A: I think his "curse" as you call it was a pose. More Lowryan theatrics. He cursed the ugly bars in Vancouver, the behaviour of his family--philistines as far as he was concerned—etc. etc. Mind you he had a very frightening experience which he had not really sought out--as he certainly had in the 30s, when his constant drinking caused his own trouble.

Q: García Márquez says that one of the authors who influenced him too much was Malcolm Lowry, what do you say about it?

A: Goodness knows what Marquez meant. Possibly he felt that Lowry's vision and style were so strong that —like the armadillo— he would pull a person who came under his influence right along with him. Faulkner has had something of that kind of influence on younger writers, as had Joyce. But in the last analysis Marquez is very different from Lowry, Marquez has his own unique voice so he used and then got away from Lowry's influence.

Q: What do you think about the mystery of his death, did he commit suicide?

A: I think his death may well have been intentional —whether suicide or not I can't say. No one can. We may never know exactly what Margerie's role was on that night but he had been violent towards her in the past —and to Jan— and he was violent that night.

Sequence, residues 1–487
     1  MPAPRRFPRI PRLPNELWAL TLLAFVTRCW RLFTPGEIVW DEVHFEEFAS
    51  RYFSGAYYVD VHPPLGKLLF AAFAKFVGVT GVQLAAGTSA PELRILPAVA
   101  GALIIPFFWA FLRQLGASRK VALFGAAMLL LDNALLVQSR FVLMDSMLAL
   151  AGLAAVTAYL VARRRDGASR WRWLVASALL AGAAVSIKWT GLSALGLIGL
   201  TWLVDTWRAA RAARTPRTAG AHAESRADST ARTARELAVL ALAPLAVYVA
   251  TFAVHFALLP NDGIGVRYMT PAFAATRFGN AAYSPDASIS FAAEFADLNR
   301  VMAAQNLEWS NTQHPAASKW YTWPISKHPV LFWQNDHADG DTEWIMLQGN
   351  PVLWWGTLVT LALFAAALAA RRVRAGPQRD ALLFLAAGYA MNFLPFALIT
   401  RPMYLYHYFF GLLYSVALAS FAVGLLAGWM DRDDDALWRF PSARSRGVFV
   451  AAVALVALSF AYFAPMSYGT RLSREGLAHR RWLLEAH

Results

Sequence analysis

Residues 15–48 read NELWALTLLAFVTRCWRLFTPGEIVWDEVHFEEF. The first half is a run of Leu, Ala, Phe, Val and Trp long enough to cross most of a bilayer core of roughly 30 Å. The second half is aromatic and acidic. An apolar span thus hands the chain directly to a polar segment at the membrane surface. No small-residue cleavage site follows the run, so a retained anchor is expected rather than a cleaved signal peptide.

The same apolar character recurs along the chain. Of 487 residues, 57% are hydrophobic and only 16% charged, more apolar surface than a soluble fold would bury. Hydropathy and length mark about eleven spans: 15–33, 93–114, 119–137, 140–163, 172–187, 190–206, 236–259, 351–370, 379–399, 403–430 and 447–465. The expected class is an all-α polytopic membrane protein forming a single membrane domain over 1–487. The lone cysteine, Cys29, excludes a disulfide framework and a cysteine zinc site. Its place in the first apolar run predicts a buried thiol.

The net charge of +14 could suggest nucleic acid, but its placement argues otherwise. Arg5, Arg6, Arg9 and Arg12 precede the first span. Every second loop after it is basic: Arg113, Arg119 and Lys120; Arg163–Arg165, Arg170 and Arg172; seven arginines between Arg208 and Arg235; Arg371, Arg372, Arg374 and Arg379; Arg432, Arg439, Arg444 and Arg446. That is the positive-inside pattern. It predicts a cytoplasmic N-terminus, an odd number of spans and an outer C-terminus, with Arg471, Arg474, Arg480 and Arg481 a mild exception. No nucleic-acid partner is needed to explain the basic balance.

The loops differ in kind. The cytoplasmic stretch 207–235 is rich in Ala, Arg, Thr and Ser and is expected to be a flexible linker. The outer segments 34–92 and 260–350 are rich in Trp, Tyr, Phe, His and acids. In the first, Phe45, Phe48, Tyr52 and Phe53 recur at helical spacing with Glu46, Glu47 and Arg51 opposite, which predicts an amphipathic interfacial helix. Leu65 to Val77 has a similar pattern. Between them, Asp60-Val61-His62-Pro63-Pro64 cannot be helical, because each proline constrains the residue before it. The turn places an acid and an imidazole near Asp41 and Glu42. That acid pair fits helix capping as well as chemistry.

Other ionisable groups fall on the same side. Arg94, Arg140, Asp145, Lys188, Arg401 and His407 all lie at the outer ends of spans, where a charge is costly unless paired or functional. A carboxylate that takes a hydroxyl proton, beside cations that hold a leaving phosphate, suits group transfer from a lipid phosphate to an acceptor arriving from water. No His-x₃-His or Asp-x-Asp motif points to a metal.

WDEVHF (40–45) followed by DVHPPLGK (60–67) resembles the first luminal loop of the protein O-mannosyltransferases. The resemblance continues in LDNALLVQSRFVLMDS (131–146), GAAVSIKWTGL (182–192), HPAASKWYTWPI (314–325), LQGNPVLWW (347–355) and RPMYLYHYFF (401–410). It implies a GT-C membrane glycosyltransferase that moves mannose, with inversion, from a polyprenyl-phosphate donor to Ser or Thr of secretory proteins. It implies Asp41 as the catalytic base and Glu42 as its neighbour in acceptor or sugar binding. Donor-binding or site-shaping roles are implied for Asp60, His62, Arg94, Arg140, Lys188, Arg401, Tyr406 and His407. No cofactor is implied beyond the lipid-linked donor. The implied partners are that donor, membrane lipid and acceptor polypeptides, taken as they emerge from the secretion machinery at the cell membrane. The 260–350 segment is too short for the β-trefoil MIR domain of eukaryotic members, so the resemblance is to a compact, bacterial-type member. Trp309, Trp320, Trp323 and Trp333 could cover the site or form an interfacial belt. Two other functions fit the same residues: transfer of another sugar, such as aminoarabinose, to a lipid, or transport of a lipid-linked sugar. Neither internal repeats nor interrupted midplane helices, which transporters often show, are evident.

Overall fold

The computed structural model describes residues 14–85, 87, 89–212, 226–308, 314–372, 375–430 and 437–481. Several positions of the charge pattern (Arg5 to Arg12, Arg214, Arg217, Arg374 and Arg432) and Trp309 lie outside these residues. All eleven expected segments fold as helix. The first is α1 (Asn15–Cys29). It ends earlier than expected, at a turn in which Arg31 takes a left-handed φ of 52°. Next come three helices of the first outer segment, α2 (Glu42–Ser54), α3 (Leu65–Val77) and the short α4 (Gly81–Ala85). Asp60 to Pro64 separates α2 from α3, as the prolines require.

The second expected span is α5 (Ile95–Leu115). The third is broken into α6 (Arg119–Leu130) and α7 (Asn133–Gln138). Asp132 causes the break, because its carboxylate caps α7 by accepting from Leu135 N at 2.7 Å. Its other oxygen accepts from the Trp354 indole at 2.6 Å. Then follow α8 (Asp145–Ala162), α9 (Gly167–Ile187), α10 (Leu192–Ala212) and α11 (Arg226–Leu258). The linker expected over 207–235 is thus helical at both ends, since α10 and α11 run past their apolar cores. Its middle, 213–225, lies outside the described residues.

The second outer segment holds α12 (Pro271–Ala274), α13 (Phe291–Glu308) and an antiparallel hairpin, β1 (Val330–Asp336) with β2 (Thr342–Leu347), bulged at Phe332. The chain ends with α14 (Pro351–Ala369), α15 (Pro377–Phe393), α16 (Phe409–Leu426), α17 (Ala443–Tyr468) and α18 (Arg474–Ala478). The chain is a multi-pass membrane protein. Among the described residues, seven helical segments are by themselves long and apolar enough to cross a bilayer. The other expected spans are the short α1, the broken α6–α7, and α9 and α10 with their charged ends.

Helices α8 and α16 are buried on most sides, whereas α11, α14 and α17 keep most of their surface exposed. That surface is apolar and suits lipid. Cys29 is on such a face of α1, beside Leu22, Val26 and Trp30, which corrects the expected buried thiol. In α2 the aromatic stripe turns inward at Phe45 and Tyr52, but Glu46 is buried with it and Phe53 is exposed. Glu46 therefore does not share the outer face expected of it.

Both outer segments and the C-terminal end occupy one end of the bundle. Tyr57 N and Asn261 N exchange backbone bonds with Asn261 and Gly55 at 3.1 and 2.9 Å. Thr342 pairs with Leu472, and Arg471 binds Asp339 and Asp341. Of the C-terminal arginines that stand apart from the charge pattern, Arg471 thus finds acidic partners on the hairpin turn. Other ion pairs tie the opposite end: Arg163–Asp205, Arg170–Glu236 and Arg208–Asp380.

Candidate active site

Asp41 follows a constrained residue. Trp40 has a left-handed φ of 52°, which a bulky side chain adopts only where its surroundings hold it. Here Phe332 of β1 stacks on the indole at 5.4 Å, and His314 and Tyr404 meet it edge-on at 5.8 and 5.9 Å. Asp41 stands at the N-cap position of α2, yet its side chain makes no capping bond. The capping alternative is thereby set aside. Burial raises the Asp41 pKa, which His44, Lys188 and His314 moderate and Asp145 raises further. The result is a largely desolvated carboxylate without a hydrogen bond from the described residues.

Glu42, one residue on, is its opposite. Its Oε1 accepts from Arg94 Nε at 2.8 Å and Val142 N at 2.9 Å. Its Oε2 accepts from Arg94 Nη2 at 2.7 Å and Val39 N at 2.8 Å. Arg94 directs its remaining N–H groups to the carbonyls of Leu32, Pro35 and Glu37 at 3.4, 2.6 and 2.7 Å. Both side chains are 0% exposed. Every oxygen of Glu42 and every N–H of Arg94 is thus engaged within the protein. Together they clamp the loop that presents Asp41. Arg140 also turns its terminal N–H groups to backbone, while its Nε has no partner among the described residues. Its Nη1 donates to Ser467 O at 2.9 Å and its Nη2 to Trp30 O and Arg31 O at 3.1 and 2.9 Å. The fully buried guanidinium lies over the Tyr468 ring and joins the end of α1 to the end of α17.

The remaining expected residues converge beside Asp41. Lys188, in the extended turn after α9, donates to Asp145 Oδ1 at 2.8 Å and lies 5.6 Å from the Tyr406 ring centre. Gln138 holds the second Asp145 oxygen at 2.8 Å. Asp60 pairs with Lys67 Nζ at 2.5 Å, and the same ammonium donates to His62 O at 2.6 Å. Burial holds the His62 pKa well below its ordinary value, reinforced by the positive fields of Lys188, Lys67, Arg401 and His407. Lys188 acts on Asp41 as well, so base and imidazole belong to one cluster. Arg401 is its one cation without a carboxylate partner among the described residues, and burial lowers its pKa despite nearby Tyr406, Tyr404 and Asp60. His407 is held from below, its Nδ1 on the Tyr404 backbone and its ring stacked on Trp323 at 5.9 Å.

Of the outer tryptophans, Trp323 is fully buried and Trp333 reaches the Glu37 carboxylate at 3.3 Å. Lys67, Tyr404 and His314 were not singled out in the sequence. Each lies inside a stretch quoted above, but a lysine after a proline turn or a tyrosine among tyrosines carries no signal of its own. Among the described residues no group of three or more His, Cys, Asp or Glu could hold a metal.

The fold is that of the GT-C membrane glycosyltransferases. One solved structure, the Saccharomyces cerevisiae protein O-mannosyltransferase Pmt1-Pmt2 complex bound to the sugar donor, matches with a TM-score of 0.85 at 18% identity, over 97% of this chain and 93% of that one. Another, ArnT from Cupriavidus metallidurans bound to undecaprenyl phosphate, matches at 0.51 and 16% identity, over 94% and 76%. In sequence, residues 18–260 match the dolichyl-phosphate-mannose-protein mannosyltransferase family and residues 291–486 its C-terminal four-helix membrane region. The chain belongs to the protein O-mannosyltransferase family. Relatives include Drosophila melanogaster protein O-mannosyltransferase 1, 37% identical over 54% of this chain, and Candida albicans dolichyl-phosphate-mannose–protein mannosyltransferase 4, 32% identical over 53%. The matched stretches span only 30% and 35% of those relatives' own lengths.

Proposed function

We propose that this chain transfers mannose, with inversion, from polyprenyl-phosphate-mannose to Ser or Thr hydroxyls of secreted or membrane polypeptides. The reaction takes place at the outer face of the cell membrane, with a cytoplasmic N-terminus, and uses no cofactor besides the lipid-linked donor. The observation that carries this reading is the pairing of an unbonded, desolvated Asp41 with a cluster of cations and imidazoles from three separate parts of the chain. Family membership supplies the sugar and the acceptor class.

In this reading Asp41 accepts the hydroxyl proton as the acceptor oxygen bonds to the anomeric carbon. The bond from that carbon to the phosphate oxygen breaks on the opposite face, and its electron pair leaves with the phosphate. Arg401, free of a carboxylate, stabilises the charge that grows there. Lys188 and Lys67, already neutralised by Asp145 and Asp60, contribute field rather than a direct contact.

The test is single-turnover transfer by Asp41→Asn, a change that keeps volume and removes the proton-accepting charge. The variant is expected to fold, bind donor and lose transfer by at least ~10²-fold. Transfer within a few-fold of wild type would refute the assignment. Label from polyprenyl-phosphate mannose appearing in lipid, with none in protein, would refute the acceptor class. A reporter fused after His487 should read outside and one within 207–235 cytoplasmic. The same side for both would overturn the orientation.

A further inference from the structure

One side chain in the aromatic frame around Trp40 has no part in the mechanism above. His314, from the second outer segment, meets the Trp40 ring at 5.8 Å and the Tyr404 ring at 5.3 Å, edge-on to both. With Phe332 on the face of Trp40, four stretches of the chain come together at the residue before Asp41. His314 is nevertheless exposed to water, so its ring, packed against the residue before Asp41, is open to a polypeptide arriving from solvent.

Q: How important was Margerie’s collaboration for the final draft of Under the Volcano?

A: In my view Marjorie was essential to UV and all Lowry's work, perhaps not so much as a collaborator but as a sounding board who could advise him, often very wisely, against longeurs. And she was essential for all the practical aspects of typing and re drafting and revising.

Q: You say that alcohol is a metaphor for “human isolation and collapse of western culture”, what are the main sins or errors of the western culture, does that include abortion?

A: Good grief! What do I think the main sins are? or what do I think Lowry thought they were? see my answers to the above questions #3 and #4. Abortion? why do you ask? Because of the Consul's nasty accusation of Yvonne? You must remember that that kind of vitriol was fairly standard cliched misogyny in Lowry's day. Lowry would have been the worst of all possible parents —he was a child himself always. for myself— of course abortion is not a sin. It is a great sin to bring children into the world and exploit or abuse them or populate the world with starving children. Children deserve to be wanted and cherished and women have the right to have children or not--as they choose.

Q: How important was for Lowry’s vision of Mexico, and for his writing to have had a really close Mexican friend like Juan Fernando Márquez?

A: I cannot answer this because I have no real idea how close a friend this man really was.

Q: What’s the relationship between the landscape and the situation of the feelings of the characters?

A: this is a huge subject and would take hundreds of words to deal with. The four main characters have very different perceptions of the Mexican landscape and they are symbolic as much as experiential.

Q: Was there a moment when Lowry (Firmin) really wanted to become a Mexican subject or is he just using the story of William Blackstone for romantic purposes?

A: No. Blackstone is a thematic motif. He fled so-called gringo civilization because he loathed it. Therefore, he becomes a sign of critique and opposition to that culture.